Native American, Vintage Santa Clara Blackware Pottery Bowl, by Stella Chavarria, 1970's, #1319 SOLD

$ 900.00

Native American, Vintage Santa Clara Blackware Pottery Bowl, by Stella Chavarria, 1970's, #1319

Description: #1319 Native American, Vintage Santa Clara Blackware Pottery Bowl, by Stella Chavarria, 1970's, Carved geometric design, signed underneath.

Dimensions: Height: 5 inches; Diameter: 6 1/2 inches

Condition: Very good for age

Stella Chavarria-(1939-1999) :Stella Chavarria is the daughter of famed Santa Clara potter Teresita Naranjo, who passed away in 1999. Chavarria’s pottery is very much influenced by that of her mother, with the exception that she makes only black ware and works on a somewhat smaller scale than did Teresita Naranjo. Hand coiled and sharply incised pots reflect Chavarria's years of dedication and experience which began in 1955. She creates both black-black and carved red ware. Her favorite design is Avanyu. Chavarria's work is in every major book published; it has been exhibited in dozens of exhibitions going back to the 1970s and is featured in all the major collections, including the Heard Museum. Of course, she has also won numerous awards for her work at the Santa Fe Indian Market. One could say that Stella makes quintessential Santa Clara pottery and receive little or no argument. Stella has two potting daughters who share in her style: Denise Chavarria and Sunday Chavarria. (Source: Dancing Rabbit Gallery)

Some background on Pueblo pottery making follows:

“Pueblo pottery is made using a coiled technique that came into northern Arizona and New Mexico from the south, some 1500 years ago. In the four-corners region of the US, nineteen pueblos and villages have historically produced pottery. Although each of these pueblos use similar traditional methods of coiling, shaping, finishing and firing, the pottery from each is distinctive. 

Various clay's gathered from each pueblo’s local sources produce pottery colors that range from buff to earthy yellows, oranges, and reds, as well as black. Fired pots are sometimes left plain and other times decorated—most frequently with paint and occasionally with applique. Painted designs vary from pueblo to pueblo, yet share an ancient iconography based on abstract representations of clouds, rain, feathers, birds, plants, animals and other natural world features.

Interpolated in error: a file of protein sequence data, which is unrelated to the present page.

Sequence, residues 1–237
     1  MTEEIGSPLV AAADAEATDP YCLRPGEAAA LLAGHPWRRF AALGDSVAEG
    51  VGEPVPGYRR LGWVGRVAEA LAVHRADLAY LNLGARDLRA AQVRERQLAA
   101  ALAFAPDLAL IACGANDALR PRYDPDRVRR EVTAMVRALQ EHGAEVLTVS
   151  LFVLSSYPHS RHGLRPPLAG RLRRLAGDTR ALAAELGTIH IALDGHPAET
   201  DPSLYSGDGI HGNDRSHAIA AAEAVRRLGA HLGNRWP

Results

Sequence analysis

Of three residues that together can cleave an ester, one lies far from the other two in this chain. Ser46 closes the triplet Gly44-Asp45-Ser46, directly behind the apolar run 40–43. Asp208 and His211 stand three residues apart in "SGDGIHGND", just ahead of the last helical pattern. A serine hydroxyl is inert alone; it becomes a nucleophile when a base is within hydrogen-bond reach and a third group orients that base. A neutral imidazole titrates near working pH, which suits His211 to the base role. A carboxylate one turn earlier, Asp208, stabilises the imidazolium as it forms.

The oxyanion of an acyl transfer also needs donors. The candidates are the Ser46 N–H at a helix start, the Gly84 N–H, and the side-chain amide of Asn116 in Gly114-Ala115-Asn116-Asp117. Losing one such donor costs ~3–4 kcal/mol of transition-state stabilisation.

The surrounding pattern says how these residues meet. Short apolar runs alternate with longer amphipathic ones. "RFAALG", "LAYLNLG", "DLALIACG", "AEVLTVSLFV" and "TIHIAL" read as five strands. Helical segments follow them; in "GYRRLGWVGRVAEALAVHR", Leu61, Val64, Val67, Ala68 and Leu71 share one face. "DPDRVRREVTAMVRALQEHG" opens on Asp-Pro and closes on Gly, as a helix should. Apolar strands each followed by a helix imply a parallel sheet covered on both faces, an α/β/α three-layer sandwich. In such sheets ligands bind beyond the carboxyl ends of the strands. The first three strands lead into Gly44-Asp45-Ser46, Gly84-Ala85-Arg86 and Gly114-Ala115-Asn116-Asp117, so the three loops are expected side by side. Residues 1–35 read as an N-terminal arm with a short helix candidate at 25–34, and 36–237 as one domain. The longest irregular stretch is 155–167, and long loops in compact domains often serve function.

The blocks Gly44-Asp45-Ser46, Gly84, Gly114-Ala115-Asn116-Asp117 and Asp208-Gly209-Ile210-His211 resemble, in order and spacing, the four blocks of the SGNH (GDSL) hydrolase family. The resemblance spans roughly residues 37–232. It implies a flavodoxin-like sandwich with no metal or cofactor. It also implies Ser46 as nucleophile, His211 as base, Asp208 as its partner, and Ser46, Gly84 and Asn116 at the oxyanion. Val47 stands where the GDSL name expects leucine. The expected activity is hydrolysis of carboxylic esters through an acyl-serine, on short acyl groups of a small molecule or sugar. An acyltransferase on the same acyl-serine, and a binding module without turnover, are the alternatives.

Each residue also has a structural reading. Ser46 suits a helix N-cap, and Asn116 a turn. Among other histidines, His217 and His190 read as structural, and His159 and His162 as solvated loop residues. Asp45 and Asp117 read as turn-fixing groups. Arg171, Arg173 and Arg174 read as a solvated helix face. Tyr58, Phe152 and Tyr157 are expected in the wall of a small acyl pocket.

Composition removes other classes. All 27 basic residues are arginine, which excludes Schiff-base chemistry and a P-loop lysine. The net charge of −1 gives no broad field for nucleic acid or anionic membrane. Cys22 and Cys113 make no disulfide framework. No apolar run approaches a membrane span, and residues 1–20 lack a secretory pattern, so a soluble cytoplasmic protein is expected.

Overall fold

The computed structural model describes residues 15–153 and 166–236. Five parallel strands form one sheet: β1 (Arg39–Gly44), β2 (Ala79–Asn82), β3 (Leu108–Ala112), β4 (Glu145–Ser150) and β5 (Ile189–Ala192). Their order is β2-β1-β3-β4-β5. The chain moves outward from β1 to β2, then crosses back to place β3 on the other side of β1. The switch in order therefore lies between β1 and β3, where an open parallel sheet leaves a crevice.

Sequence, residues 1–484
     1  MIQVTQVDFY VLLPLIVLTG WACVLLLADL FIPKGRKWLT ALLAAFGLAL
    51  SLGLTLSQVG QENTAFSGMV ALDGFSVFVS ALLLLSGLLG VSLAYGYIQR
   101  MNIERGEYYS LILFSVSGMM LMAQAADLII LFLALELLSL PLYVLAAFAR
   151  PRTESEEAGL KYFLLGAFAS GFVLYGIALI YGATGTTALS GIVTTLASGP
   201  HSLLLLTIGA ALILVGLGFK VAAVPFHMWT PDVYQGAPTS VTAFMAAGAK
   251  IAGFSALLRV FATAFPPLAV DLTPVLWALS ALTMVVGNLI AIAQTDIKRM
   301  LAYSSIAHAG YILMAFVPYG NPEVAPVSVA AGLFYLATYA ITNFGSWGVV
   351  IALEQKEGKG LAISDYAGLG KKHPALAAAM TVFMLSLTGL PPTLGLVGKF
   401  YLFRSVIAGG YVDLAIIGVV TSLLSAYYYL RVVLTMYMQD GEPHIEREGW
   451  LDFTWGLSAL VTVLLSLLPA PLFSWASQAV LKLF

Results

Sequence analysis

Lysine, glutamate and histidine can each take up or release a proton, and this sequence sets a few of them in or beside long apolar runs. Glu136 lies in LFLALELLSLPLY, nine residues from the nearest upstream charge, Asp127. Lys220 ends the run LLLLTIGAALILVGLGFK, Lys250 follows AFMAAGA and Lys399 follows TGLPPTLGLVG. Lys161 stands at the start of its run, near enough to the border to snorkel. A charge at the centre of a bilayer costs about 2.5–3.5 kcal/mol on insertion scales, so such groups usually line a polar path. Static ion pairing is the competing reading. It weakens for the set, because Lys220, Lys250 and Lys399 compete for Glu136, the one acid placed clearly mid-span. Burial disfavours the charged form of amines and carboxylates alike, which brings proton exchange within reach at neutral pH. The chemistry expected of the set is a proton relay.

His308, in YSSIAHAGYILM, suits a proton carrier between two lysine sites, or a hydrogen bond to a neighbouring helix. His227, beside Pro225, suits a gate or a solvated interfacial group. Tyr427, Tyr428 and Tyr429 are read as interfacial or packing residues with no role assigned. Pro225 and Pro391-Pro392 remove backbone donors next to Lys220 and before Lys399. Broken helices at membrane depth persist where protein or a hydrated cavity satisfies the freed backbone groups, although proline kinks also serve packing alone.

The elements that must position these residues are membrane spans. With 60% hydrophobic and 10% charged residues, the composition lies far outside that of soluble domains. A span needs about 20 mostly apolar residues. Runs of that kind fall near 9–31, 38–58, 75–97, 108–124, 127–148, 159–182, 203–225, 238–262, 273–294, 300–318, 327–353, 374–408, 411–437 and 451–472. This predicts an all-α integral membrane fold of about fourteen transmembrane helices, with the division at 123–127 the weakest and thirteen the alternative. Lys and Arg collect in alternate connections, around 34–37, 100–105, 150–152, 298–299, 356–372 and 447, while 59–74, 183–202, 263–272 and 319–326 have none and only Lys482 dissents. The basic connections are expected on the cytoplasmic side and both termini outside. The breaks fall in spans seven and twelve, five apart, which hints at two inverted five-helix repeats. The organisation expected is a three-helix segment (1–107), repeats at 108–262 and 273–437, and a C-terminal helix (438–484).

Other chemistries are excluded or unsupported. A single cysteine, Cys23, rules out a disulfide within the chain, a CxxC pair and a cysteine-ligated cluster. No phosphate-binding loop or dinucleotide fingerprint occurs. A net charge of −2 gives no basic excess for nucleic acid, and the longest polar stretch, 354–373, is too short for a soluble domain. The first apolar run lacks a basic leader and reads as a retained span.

Tempering materials and paints, also from natural sources, contribute further to the distinctiveness of each pueblo’s pottery. Some paints are derived from plants, others from minerals. Before firing, potters in some pueblos apply a light colored slip to their pottery, which creates a bright background for painted designs or simply a lighter color plain ware vessel. Designs are painted on before firing, traditionally with a brush fashioned from yucca fiber. 

Different combinations of paint color, clay color, and slips are characteristic of different pueblos. Among them are black on cream, black on buff, black on red, dark brown and dark red on white (as found in Zuni pottery), matte red on red, and poly-chrome—a number of natural colors on one vessel (most typically associated with Hopi). Pueblo potters also produce un-decorated polished black ware, black on black ware, and carved red and carved black wares.

Making pueblo pottery is a time-consuming effort that includes gathering and preparing the clay, building and shaping the coiled pot, gathering plants to make the colored dyes, constructing yucca brushes, and, often, making a clay slip. While some Pueblo artists fire in kilns, most still fire in the traditional way in an outside fire pit, covering their vessels with large potsherds and dried sheep dung. Pottery is left to bake for many hours, producing a high-fired result.

Today, Pueblo potters continue to honor this centuries-old tradition of hand-coiled pottery production, yet value the need for contemporary artistic expression as well. They continue to improve their style, methods and designs, often combining traditional and contemporary techniques to create striking new works of art.” (Source: Museum of Northern Arizona)

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